The third annual Wings for Life World Run took place today, with 130,732 people registered to compete at 34 different locations in 33 countries across the globe, raising more than $7.5 million for spinal cord injury research.
Rather than having a set distance for runners to achieve, the World Run features an innovative moving finish line in the form of a Catcher Car that takes off 30 minutes after the start and steadily increases its speed until all of the runners are caught. The format pushes runners to their personal best performances — the last male and female running were Giorgio Calcaterra in Italy and Kaori Yoshida in Japan, who ran for 54.95 miles and 40.83 miles respectively. These global champions, as well as all local race winners, will get to pick where they want to run in next year’s edition of the Wings for Life World Run.
There were two venues in the U.S., with runners Samuel Bradbury (37.78 miles) and Maibritt Daugaard (30.73 miles) logging the most miles in the male and female categories, respectively, and Simon Munyutu (38.24 miles) and Nathalie Vasseur (33.88 miles) doing the same before being caught in Sunrise, Florida.
Participants throughout the country included football legend Randy Moss, skiing superstar Lindsey Vonn, former Rutgers football player Eric LeGrand and many others.
“The one thing that stood out for me is that we are running for those who can’t,” said Moss. “I played football for many years, but this is entirely different. The whole world is participating together for one cause.”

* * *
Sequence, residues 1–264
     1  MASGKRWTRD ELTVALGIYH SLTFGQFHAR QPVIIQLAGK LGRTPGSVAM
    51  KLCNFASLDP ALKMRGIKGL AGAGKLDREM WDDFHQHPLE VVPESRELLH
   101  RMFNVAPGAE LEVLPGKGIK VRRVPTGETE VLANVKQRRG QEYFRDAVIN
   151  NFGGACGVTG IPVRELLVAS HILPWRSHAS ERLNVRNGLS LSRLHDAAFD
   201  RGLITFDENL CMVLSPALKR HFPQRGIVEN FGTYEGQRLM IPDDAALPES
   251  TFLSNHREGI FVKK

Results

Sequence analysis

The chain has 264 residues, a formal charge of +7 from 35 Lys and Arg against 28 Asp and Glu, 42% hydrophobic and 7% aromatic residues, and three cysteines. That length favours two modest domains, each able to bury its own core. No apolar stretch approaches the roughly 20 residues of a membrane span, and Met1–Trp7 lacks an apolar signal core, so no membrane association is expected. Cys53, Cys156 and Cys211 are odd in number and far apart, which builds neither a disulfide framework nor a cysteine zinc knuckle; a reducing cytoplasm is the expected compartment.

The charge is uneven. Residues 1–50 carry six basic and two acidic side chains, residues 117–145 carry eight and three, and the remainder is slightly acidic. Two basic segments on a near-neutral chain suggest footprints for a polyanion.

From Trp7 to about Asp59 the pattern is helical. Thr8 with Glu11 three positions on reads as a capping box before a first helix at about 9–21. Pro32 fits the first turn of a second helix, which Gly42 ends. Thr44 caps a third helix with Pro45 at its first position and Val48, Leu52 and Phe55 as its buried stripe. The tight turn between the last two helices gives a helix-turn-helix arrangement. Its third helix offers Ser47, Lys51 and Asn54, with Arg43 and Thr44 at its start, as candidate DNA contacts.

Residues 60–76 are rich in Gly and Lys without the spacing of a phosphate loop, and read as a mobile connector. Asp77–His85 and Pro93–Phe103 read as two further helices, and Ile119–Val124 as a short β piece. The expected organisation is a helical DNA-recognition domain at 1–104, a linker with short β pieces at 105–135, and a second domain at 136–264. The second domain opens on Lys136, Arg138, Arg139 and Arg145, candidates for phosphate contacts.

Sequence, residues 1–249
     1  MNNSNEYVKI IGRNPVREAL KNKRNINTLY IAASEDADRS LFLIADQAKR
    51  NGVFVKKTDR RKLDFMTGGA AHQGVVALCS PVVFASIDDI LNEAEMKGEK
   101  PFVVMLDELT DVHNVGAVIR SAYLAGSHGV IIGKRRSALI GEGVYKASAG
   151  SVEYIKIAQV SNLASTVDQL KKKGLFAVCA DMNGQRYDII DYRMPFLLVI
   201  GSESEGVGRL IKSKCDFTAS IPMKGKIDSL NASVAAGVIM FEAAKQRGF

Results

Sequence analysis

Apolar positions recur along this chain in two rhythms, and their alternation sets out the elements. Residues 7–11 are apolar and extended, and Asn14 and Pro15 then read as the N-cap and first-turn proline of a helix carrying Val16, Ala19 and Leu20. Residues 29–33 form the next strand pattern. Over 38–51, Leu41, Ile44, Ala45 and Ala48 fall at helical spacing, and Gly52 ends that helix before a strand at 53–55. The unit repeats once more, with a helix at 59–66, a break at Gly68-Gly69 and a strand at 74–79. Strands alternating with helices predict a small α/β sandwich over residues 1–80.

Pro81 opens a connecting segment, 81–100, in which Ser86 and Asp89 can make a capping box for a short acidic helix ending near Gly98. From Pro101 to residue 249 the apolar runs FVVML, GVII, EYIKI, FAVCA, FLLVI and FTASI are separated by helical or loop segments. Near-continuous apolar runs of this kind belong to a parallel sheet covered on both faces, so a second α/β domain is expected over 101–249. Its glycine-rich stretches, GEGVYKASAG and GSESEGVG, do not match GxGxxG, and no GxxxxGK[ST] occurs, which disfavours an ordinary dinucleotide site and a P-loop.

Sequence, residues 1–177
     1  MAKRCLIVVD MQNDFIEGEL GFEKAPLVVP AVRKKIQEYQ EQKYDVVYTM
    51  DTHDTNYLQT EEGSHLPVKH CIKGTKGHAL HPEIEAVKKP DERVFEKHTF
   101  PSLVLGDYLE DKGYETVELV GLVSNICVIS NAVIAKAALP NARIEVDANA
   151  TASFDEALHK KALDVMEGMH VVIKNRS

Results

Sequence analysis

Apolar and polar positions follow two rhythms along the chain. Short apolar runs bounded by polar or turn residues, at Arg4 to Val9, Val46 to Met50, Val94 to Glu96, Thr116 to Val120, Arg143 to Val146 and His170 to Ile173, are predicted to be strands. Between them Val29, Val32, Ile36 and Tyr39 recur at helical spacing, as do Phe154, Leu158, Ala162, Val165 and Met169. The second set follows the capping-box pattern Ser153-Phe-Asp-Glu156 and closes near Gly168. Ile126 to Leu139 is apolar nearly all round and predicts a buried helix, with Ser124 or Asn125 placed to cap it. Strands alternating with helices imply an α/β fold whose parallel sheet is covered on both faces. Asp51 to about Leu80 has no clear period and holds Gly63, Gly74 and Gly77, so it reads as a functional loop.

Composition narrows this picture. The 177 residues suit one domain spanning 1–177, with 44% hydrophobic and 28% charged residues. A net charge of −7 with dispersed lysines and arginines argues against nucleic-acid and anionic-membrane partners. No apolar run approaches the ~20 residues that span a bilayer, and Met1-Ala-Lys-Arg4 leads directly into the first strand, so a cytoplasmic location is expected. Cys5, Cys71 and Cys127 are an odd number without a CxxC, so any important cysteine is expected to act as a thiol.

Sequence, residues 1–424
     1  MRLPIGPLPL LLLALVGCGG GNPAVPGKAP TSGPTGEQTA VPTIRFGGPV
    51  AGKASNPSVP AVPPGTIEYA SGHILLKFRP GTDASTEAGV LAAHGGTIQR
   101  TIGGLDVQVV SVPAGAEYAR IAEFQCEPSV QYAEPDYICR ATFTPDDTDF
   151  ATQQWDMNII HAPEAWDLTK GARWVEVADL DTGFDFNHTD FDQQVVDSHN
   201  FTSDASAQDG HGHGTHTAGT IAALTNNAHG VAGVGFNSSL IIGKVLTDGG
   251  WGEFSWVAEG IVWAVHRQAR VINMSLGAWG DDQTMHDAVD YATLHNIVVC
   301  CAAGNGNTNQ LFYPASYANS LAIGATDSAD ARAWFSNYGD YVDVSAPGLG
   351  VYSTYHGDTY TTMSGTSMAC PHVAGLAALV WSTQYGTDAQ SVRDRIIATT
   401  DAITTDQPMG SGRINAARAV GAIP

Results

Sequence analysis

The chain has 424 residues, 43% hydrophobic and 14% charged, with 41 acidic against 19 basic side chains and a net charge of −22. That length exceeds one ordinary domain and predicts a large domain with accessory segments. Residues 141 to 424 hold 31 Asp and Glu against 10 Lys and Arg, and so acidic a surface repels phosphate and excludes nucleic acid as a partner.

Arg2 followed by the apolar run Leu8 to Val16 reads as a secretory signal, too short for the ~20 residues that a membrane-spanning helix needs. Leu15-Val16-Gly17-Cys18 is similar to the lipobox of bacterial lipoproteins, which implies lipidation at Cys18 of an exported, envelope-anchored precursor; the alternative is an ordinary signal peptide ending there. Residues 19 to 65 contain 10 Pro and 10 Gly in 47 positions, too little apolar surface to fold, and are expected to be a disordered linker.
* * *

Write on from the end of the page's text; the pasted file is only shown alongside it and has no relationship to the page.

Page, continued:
This ambitious global endeavor has now raised more than $16 million over its three years, with 100% of all entry fees and donations directed to spinal cord injury research. The fourth edition of the Wings for Life World Run is already confirmed for May 7, 2017, and registration is open now.
“The mentality going into this race is different than anything I’ve done before because there is no finish line,” said Santa Clarita winner Samuel Bradbury. “I set my goal of completing a marathon (26.2 miles) and seeing how I felt from there. After I completed the 26.2 miles I felt pretty good so I just kept going for as long as I could. As I was running I was thinking about how everyone else around the world was doing, knowing that there were other people out there pushing the limits and surprising themselves to achieve goals they didn’t think were possible.”
There were also 20,556 people worldwide who were not at any of the 34 official locations, but instead joined a Selfie Run, participating against a virtual catcher car on a path of their choosing via a downloadable app. Skiing and snowboarding stars Lindsey Vonn and Louie Vito participated in Selfie Runs in Louisville, Kentucky, and Columbus, Ohio, respectively.
Eric LeGrand hosted a Mother’s Day Selfie Run with his mom Karen in New York’s Battery Park. Team LeGrand of the Christopher & Dana Reeve Foundation, which was established in 2013, is dedicated to funding research to find a cure for paralysis and to help improve the quality of life for people with spinal cord injuries.
Missed it this year? Register now for the 2017 edition, taking place on May 7. Please join this global community and run for those who can’t.